The traffic getting into Sihanoukville is horrendous. Everyone we spoke to experienced the same. They advertise a 4 to 5-hour trip, but 7 hours is far more realistic. Over the last couple of years Sihanoukville has seen 30+ casinos pop up, and with another 30 being planned, the once sleepy seaside paradise is now a very sad sight. You have been warned…
So, it doesn’t matter whether you’re on a minibus or bus. They arrive late every day (read the reviews if you don’t believe us), which can mean missed ferry crossings and often resulting in a need to stay at least one night in the Sihanoukville area, especially in the rainy season…
We took the Giant Ibis bus from Phnom Penh, which was comfortable and the safest way to get to Sihanoukville. We’ve taken a lot of minibuses in Asia and they may be a touch faster, but they aren’t the safest.
For bus and minibus options, have a look at Bookaway.
There are also options if you’re coming from Siem Reap (overnight bus) or Vietnam, you may want to fly straight into Sihanoukville airport from the likes of Phnom Penh Airport.
Check out the flight options with Skyscanner.
Sihanoukville to Koh Rong Travel Tips
With all that said, travelling to the Koh Rong islands is well worth the effort, these islands are still idyllic, so with that in mind here are a few tips.
- Be flexible on your bookings, the roads are terrible and you’ll more than likely arrive into Sihanoukville late, regardless of published times or what the company has promised you
- Have a backup plan of a night in Sihanoukville, ideally a one-night booking that you can cancel a few hours before (trust us – you don’t want to be left with the ‘dregs’ available since this is not a pretty town with many good options)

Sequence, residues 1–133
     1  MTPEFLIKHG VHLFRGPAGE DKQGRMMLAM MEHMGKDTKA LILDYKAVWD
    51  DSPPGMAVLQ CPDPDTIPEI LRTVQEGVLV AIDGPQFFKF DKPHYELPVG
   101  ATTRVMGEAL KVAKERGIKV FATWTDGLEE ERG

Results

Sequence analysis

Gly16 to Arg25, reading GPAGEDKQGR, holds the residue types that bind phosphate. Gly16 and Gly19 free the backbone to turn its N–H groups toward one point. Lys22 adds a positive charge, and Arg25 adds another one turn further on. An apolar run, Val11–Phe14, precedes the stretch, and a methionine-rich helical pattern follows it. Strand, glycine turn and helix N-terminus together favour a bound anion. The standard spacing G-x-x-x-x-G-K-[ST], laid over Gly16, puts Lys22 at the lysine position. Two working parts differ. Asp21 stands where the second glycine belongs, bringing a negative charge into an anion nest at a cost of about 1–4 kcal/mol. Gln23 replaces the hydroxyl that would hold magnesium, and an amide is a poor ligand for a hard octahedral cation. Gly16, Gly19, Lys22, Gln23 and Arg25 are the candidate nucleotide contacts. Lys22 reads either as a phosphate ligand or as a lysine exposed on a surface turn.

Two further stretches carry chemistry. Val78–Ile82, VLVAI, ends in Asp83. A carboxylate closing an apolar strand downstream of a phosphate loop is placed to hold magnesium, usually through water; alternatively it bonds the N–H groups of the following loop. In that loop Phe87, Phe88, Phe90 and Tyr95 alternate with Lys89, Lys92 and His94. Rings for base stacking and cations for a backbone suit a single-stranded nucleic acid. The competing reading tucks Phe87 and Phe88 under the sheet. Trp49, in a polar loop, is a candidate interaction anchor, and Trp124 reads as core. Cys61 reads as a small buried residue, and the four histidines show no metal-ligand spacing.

- Plan for the worst… if you have an onward flight or bus to catch, leave the islands much earlier than you think you need to – even if that means staying a night in Sihanoukville
- Keep an eye on weather forecasts, they’re a good indicator on whether the ferries will run. You need to consider rain and wind, since both have an impact on ferries
- Make sure that your accommodation in Sihanoukville or Koh Rong books you onto the ferry ideally at a specific time, this is especially important in high season since they get very full
- If you get seasick, don’t forget to take your meds!
What to do in Sihanoukville
Relax on the beaches
While Sihanoukville is no longer the beach haven of yesteryear, it does still boast a number of beaches you can visit. Most visitors will want to head slightly out of town to Otres Beach, which also boasts most of the high-end hotels still left in the town. Other options include Independence Beach or Serendipity Beach, although the latter suffers from being next to the pier, so not the most relaxing of experiences!
Check out a local Cambodian market
If you’ve been anywhere in Southeast Asia you’ll know exactly what a Cambodian market entails: a mix of fragrant street food, loads of trinkets for sale but also some slightly odd wares geared towards the locals. The best bet for a market in Sihanoukville is Phsar Leu Market – you’ll find traditional food, lots of clothing for sale and definitely friendly hawkers wanting to strike a deal!
Take a cooking class
Khmer food is absolutely delicious – fish amok, chicken curry and banana flower salads just being three of the mouthwatering meals we miss from our travels there. Take a slice of Cambodian cuisine home with you by doing a cooking class!
The best one is town is run by Sinuon, a chef who will spend 4 hours teaching you a three course meal!
Things to do on the Koh Rong islands
Hike to Long Beach
Speaking of Long Beach, one of the must-do activities for any self-respecting visitor to the Koh Rongs is to hike from Koh Toch to Long Beach. It’s a jungle trek so make sure you have good shoes (no flip flops advised!) – if you really don’t want to hike back, there are often longtail boats waiting to ferry you home.
Go scuba diving or snorkelling